Out of nowhere at 11 years old, I became a baseball fan (it’s when I started to like sports in general). I started not leaving the room when my dad was watching the Phillies games and I gotta tell you, Richie Ashburn and Harry Kalas could make you love waterboarding. So, now I had this way to connect with my father on a whole new level – I think it was the first time we were talking to each other rather than either him talking to me or me talking to him.
Because I was still a geek, I went to the library and checked out every book I could find about baseball. At first I just read about the Phillies, but when I got to the 1950 World Series between them and the Yankees it was a whole new ballgame, so to speak. So before long I knew everything that had happened in ever y season since about 1901 (I had no interested in baseball before modern statistics were being kept).
My dad got a big kick out of that. He’d come home every night with a new trivia question or baseball puzzler for me to answer. Whenever his friends or my uncles would come over he’d quiz me for their amusement. It was a little bit like being a parlor trick, but I got to hang out with my dad and the rest of the adults so it worked for me.
The teen years weren’t quite so pleasant. There was a lot of anger (from both of us), fear (mine) and getting hit. I don’t think I was singled out. He hit us all. It just seemed to affect me more.
Things got a little better in college. When I would come home at 2 am after being out with friends, he would often be sitting in the kitchen. We would talk then. It’s weird though. It was the only time of the day we seemed to get along.
Then when I was not quite 24, I left. I moved to San Diego. I had just recently admitted to myself (but almost no one else) that I was gay and it seemed like my only real option was to get out of Dodge. At the time, when people would ask me why I chose San Diego I told them that I hit ocean and couldn’t get any farther away. I don’t say that to say that things were that bad. I say it to illustrate that everyone involved in this situation said some things we wish we hadn’t in hindsight.
When I came out to my parents the next year, the reaction was less than enthusiastic. A few days later when my father was driving me to the train station (I still can’t believe I once took the train across the country), he told me that considering the situation it was probably best that I lived so far away. That stung.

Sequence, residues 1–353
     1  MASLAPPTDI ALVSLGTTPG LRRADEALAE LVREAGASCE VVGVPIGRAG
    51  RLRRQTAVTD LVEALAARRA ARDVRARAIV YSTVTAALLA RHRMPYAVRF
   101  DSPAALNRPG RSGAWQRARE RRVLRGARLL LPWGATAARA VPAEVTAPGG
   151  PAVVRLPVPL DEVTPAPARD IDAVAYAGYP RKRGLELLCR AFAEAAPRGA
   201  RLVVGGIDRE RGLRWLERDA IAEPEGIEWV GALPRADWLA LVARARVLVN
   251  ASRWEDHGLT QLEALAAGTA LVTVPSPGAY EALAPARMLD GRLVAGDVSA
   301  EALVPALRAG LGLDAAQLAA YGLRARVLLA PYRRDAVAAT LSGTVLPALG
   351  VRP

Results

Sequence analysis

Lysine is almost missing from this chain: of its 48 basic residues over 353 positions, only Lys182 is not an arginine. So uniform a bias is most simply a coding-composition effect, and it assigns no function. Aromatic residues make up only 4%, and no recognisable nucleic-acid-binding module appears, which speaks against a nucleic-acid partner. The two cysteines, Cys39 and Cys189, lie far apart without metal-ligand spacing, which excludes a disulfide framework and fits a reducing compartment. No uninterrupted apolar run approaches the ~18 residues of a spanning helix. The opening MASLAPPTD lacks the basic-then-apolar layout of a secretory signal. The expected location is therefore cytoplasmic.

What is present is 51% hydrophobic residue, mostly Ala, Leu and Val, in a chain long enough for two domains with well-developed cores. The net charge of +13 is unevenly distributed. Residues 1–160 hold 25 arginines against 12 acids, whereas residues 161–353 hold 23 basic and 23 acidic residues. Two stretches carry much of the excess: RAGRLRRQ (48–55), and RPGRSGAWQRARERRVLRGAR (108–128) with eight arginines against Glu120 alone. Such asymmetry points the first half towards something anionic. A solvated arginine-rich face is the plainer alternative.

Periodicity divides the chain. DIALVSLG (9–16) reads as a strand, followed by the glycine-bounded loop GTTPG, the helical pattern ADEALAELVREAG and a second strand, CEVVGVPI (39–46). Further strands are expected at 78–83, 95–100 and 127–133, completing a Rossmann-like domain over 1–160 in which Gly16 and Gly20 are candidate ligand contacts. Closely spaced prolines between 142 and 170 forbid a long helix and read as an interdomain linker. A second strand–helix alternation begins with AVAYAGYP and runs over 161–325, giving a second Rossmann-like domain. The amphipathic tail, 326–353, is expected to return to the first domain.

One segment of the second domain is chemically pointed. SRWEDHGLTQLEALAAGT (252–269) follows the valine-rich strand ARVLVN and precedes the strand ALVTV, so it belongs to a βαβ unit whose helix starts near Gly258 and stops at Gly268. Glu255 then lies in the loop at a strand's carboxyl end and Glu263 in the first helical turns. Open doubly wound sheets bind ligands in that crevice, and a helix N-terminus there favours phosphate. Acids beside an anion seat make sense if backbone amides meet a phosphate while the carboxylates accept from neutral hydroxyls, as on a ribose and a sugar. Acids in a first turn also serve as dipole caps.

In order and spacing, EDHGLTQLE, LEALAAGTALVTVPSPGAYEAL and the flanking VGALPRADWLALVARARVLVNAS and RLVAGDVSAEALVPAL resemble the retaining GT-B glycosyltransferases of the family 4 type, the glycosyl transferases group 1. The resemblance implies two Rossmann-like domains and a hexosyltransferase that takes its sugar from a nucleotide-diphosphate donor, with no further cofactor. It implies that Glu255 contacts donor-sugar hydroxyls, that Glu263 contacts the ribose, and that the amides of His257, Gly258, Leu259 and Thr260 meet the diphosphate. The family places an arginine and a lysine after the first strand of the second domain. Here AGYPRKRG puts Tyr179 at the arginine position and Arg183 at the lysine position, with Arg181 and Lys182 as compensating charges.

Fast forward a couple years of therapy later. I was harboring this ridiculous anger toward my dad. An anger that wasn’t really punishing anyone but me. By this time, he had taken to asking me if I thought I’d ever move back. He seemed to genuinely want me there, but I still couldn’t quite trust it.
The turning point came in 1993 when I took my partner at the time back home to meet them. My mother was a little bit of a disaster, afraid the neighbors might see us and talk. We were about two months from breaking up so they would have seen two people that were trying really hard to seem happy together without interacting with each other.
My father, on the other hand, embraced him almost immediately. He asked him about his family, about what he did for a living. Then he asked if he played cards. Yes. Hearts. That sealed it. We spent most of our family time the rest of the trip around the table playing cards. My father was friendlier toward me that trip than I had ever remembered him being before.
It was still four more years before I moved back to Philadelphia, but over those four years we got to know each other a lot better. By the time I moved back in to live with them for about a year, we had become friends.
We would sit on the back porch smoking cigarettes and talking. He didn’t always talk very much, but he said a lot. At the time, I was struggling to find work. He knew my last job had been as the editor of a gay newspaper and he asked if I thought people might be discriminating against me because I was gay. I was floored that he even considered that. When I told him it was possible, but that I really didn’t want to work somewhere I wouldn’t be welcome anyway, he nodded.
Then he said, “You know, when you first moved to San Diego I worried about that. And I was glad you were not here because if I’d have seen someone treating you badly I think I would have had to punch them in the face.” I don’t know if he remembered what he had said to me all those years ago, but I almost cried. I’d held on to anger for so long over something that I just misunderstood.
The next seven years I spent a good deal of time with my dad, although not nearly as much as I would have if I had known how long the seven years since he’s been gone would be. We played cards, smoked cigarettes, chased each other around the house with water pistols. And we talked a lot.
When he died in 2004, several people told me I was lucky that we had been so close; they didn’t have good relationships with their fathers. I bit my tongue, but I thought, “I don’t feel very fucking lucky. And if your dad is such a prick why can’t he be dead instead of my dad?” I didn’t really wish anyone else dead. It just seemed so unfair. It took almost 30 years for me to get to know my dad. I deserved more than seven to enjoy the friendship.
Seven years later, I miss him exactly the same amount as I did that first year. But now I do feel lucky. I got to see what a wonderful guy my dad was. And he didn’t die with me thinking he didn’t love me. Honestly, I think that would have been even worse for him than for me. He spent those last seven years showing me that you can always make things right if you want to. He didn’t do everything right as a parent. But as a man, he did the best he could with the tools he had. If someone says that about me when I’m gone, I’ll have done him proud.
Happy birthday Dad! I love you.